Lucifer


#1

I don’t really understand the fall. How could a very intelligent angel chose pride, and then decide to reject God? Was it his choice, he rather have immense pain for himself and others, just to be a certain “God” of his own?

Did Lucifer go through something we are going through now on this world, meaning, we are deciding whether we want to choose God or not?

How do we know if this will be one and final choice, and if there won’t be another and another choice, or constant choosing? I guess we base it on God’s words that it’s eternal? God did not tell Lucifer that his angelship was eternal?


#2

I hear this explained that an angle such as Lucifer would not have pondered anything since he would have known the answer the instant the question was asked. Its not like he had to ponder and make a decision. Lucifer simply did not want to be the servant of man. He felt more exalted and greater and could not reconcile this. I doubt it has any correlation to what we have today since he knew very well there is a God.


#3

Have you ever seen a human being completely consumed by their pride? Imagine that to a literally infinite scale and you may have some understanding of why Lucifer made the decision he did.

Did Lucifer go through something we are going through now on this world, meaning, we are deciding whether we want to choose God or not?

I don’t think it’s really comparable. We are taught that at the moment of their creation the angels were given a choice, and that their choice was irrevocable once determined. It is irrevocable because they had absolute knowledge of what this decision meant, whereas we don’t, which is why God gives us so many chances. Now, time is not a thing to God, so the “moment” of their creation may mean something we cannot comprehend. We don’t know exactly what it was like, but we DO know that they only got once chance.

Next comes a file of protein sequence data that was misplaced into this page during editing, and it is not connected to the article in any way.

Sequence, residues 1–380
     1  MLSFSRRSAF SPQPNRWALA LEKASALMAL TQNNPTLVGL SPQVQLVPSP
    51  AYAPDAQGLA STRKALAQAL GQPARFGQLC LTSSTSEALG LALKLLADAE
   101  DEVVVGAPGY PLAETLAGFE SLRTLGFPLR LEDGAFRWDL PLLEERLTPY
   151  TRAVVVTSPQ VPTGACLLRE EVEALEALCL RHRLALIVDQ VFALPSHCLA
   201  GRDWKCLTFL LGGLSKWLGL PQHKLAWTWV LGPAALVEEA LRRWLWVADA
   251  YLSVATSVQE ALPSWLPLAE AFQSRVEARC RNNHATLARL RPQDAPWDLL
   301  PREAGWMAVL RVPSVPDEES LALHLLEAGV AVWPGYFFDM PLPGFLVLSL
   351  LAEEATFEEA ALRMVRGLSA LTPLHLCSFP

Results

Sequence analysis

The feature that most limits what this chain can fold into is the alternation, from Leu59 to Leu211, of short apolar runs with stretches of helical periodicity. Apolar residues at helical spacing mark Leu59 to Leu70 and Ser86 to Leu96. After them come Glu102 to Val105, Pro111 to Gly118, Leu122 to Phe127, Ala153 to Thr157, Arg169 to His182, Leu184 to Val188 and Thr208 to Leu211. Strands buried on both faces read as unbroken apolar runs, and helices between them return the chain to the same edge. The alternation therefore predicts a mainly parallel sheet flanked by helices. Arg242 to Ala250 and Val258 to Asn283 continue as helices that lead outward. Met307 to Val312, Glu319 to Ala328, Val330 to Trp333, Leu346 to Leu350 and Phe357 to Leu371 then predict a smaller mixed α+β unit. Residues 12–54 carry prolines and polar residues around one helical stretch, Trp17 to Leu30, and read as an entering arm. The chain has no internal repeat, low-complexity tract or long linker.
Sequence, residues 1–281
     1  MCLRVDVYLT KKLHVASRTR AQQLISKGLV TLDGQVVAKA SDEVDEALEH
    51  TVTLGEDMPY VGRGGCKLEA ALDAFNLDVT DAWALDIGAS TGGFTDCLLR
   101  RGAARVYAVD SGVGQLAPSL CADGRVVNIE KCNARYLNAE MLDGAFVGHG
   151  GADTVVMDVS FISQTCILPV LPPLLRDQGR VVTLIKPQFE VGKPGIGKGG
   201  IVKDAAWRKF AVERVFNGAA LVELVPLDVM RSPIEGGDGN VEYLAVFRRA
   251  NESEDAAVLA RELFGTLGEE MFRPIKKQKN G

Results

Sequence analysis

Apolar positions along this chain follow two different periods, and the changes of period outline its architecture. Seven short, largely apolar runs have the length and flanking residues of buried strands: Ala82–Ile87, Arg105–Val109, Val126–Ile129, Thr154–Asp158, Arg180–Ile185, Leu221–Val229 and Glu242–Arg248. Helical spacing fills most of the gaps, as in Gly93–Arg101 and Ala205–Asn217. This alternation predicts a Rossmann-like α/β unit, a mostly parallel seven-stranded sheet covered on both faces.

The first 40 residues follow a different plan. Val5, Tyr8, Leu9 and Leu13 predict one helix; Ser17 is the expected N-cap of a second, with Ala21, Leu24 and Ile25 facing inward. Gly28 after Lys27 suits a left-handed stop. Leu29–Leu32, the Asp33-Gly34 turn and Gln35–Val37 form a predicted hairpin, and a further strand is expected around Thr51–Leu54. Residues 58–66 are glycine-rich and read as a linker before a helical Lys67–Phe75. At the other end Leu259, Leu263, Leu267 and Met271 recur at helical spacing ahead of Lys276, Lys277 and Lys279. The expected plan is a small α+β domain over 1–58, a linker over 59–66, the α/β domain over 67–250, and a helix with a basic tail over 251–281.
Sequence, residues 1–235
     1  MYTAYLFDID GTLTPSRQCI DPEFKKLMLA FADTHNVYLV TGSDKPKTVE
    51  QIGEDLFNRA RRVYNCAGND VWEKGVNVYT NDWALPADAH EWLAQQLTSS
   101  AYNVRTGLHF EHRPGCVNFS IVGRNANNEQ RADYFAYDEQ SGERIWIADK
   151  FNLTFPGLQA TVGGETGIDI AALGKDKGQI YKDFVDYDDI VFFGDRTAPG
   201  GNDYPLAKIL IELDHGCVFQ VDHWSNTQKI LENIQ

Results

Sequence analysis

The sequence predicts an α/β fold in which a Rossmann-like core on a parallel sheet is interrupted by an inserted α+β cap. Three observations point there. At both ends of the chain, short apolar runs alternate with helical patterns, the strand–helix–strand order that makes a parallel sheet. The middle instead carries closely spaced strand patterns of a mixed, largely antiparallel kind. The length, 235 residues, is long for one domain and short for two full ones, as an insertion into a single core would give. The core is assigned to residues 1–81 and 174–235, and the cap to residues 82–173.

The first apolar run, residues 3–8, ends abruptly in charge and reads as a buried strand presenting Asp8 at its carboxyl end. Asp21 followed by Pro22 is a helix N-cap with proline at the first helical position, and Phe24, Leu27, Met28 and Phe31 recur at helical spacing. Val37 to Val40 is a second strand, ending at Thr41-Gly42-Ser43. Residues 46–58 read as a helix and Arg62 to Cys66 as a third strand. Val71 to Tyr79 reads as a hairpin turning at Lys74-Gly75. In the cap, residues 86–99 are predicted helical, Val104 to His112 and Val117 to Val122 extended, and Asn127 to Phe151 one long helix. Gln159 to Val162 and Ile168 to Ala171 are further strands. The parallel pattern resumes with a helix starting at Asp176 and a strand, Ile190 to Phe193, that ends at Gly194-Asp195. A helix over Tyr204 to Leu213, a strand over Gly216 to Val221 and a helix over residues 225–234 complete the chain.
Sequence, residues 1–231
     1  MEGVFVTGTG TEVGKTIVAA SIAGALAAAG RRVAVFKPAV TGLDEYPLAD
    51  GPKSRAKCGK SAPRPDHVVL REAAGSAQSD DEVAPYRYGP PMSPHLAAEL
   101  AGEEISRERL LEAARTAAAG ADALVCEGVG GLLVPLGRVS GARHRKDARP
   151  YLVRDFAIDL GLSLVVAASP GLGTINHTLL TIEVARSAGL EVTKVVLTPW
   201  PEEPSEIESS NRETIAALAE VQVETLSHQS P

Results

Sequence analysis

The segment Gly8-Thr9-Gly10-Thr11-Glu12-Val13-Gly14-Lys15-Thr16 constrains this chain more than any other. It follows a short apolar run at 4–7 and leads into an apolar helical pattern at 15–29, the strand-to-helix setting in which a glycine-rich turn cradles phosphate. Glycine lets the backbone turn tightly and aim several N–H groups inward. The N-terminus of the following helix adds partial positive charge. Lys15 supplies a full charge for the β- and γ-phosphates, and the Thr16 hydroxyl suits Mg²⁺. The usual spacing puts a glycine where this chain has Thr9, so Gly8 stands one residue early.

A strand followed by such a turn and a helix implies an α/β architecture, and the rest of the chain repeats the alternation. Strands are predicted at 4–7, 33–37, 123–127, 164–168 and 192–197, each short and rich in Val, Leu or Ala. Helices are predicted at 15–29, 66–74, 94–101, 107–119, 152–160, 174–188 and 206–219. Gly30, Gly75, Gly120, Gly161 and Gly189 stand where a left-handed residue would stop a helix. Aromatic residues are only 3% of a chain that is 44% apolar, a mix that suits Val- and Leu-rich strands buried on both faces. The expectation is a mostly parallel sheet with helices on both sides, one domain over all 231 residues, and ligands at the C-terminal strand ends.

How do we know if this will be one and final choice, and if there won’t be another and another choice, or constant choosing? I guess we base it on God’s words that it’s eternal? God did not tell Lucifer that his angelship was eternal?

We know it is final and eternal because God told it is was final and eternal. God did tell Lucifer that his decision was an eternal and irrevocable one. His angel-ship is also eternal and irrevocable. Lucifer has always been and will always be an Angle, created by God to worship God. The fact that Lucifer rejected the calling of his nature and turned against God doesn’t change that he is irrevocably an angel. What his decision did do is warp his entire being and set it in absolute opposition against God.

Unfortunately, it is all to easy to point to examples of Lucifer’s sin and rejection in our own world. Consider those priests that abused children. They were ordained priests, men of God. They were instructed in the Faith, and made gravely aware of the consequences of any number of actions. Despite all of that; despite literally being able to act in persona Christi (In the person of Christ), and being able to literally bring Jesus Christ physically into the world through the Eucharist; those men chose to act in a way completely contrary to the God whom they’d sworn to serve…


#4

I don’t think intelligence in any way impedes someone to choose evil; intelligence is no guarantee of impeccability. In fact, I think an intelligent mind, if driven off course, can be a huge catalyst for immoral and sinful thoughts.


#5

Lucifer didn’t chose evil he created it by his action. What he created was the absence of God and took it upon himself to pull Gods creation with him. His vehicle an apple (if you believe the literal of that) IT was inevitable and God allowed it.